From Baltimore to Cabinda, my journey to the latest Big Game
Traveling from the U.S. to Angola requires a little patience and luck
Angola views the tournament as a chance to display its developing infrastructure
Ivory Coast topped Ghana 3-1 to advance to the next round
CABINDA, Angola -- It only took four Nyquil, a last-flight-out-of-Saigon airport scene and 44 hours door-to-door from my home in Baltimore, but I made it here just in time for the kickoff of Friday's showdown in the Africa Cup of Nations between Ivory Coast and Ghana, the two showpiece teams in Africa's most important biannual sporting event.
I'm on this odyssey to the southwestern coast of Africa for a few reasons: to put together a magazine story for Sports Illustrated in advance of this summer's World Cup in South Africa (more on that down the road); to write some on-the-scene pieces for SI.com; to watch some of Africa's top soccer stars (like Didier Drogba of Ivory Coast, Michael Essien of Ghana and Samuel Eto'o of Cameroon); and to see first-hand how everyone is dealing with the aftermath of last week's machine-gun attack in Cabinda on the Togolese team bus, which killed three members of the Togo delegation, injured nine and caused the team to leave the tournament.
You might wonder why I'd make this trip after my last far-flung soccer journey to Honduras, where I drove solo cross-country in an ongoing coup, got mugged at gunpoint and met the Honduran president on the same profoundly strange afternoon. But I figured lightning can't strike twice, and I also did plenty of due diligence before I came here, hiring a driver and getting assurances about the relative safety of Cabinda City from the U.S. Embassy, a New York Times correspondent and the intrepid British soccer writer Jonathan Wilson, who's here covering the tournament.
Besides, crazy road adventures are one of the greatest things about soccer journalism, whether you're dodging beer showers in Mexico City, exploring the streets of Havana or making friends in the backwoods of China. The fact is that no sport comes close to connecting the world like soccer, and that common global passion causes fútbol to take on an importance -- and a symbolism -- that far exceeds those of the sport itself.
Take Angola, for instance. After suffering through a 27-year-long civil war that only ended in 2002, this country views its hosting of the African Nations Cup as a coming-out party to show off its growing infrastructure (including four new stadiums) after using its peace dividend and oil revenues to promote development over the past eight years. Everywhere you go, you'll see people wearing the red, black and yellow of their beloved Palancas Negras (Black Antelopes) team, which stoked national pride by beating Malawi 2-0 on Thursday night. The grinning mascot Palanquinha (The Little Antelope) is booting a soccer ball on billboards all over the country.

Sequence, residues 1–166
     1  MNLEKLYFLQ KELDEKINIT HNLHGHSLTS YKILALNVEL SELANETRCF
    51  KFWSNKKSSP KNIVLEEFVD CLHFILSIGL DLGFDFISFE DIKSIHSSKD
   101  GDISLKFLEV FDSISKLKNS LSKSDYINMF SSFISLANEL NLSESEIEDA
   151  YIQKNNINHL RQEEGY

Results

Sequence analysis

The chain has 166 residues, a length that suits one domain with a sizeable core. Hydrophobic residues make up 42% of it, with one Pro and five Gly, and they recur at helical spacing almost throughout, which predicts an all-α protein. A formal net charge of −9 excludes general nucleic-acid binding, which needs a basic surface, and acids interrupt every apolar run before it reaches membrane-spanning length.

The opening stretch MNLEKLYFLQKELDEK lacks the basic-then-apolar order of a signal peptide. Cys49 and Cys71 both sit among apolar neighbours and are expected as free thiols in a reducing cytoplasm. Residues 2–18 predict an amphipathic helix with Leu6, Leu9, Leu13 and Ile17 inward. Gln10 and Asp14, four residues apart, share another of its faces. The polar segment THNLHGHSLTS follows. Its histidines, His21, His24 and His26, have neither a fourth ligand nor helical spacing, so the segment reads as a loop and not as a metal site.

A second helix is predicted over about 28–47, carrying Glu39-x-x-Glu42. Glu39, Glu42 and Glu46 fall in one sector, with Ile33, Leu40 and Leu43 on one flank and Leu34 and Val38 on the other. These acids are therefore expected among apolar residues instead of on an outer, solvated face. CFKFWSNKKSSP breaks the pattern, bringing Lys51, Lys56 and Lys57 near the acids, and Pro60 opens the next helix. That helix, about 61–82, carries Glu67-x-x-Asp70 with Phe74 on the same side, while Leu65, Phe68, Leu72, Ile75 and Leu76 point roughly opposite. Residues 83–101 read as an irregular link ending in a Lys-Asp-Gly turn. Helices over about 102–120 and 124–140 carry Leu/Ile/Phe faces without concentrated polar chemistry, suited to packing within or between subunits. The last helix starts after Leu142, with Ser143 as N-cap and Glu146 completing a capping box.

Yet long before this crowd-pleasing tournament started, skeptics questioned whether it was smart to award an event featuring some of the world's biggest soccer stars to a country so recently removed from war, one that still warns visitors to beware of left-over land mines throughout the country. (The Confederation of African Football has made a habit of awarding the ACN to developing nations, from Burkina Faso in 1998 to Mali in 2002. The next tournament in 2012 is being shared by Gabon and Equatorial Guinea. In 2014 the host will be Libya.) Those skeptics felt even more unsettled when organizers placed one of the tournament's stadium venues in Cabinda, a tiny, relatively poor (but oil-rich) exclave separated from the rest of Angola by a small strip of Congo and the Zaire River.
A separatist group called FLEC has destabilized Cabinda over the years in its efforts to seek Cabindan independence, and it was FLEC that claimed responsibility for the Togo bus attack, which took place about 20 miles from here as the Togo team crossed into Cabinda overland from their training camp in Congo. (Take some time right now, if you want, to scan your world atlas for Cabinda. It's fair to say the only other significant global sporting event to have taken place in these parts was the "Rumble in the Jungle" between Muhammad Ali and George Foreman in nearby Kinshasa in 1974.)
Here's a quick running diary of my journey to this point:
5 p.m. Wednesday, Baltimore: My cab driver somehow gets lost trying to take me from Charm City to Dulles Airport in northern Virginia. A pattern starts. I barely make my flight to Frankfurt.
11:30 a.m. Thursday, Frankfurt: There are few pleasures in life greater than taking a hot shower in the Lufthansa flight lounge after an overnight trip. Of course, those pleasures are mitigated by the Frankfurt airport itself: a charmless place that brings to mind thoughts of the Star Wars bar and travelers resembling Dieter from Sprockets on the old "Saturday Night Live".
9 p.m. Thursday, Frankfurt: Boarding Lufthansa flight 560 to Luanda. Surprisingly, many of my fellow travelers are Americans in mesh baseball caps. That's right: Chevron oil workers heading out for a 28-day shift. Just north of Cabinda City there's a heavily fortified Chevron compound named Malongo that includes, of all things, a plush golf course. Back when the Angolan government was supported by Cuba, you had the strange case of a U.S. oil company's land in a Marxist country being protected by Cuban troops.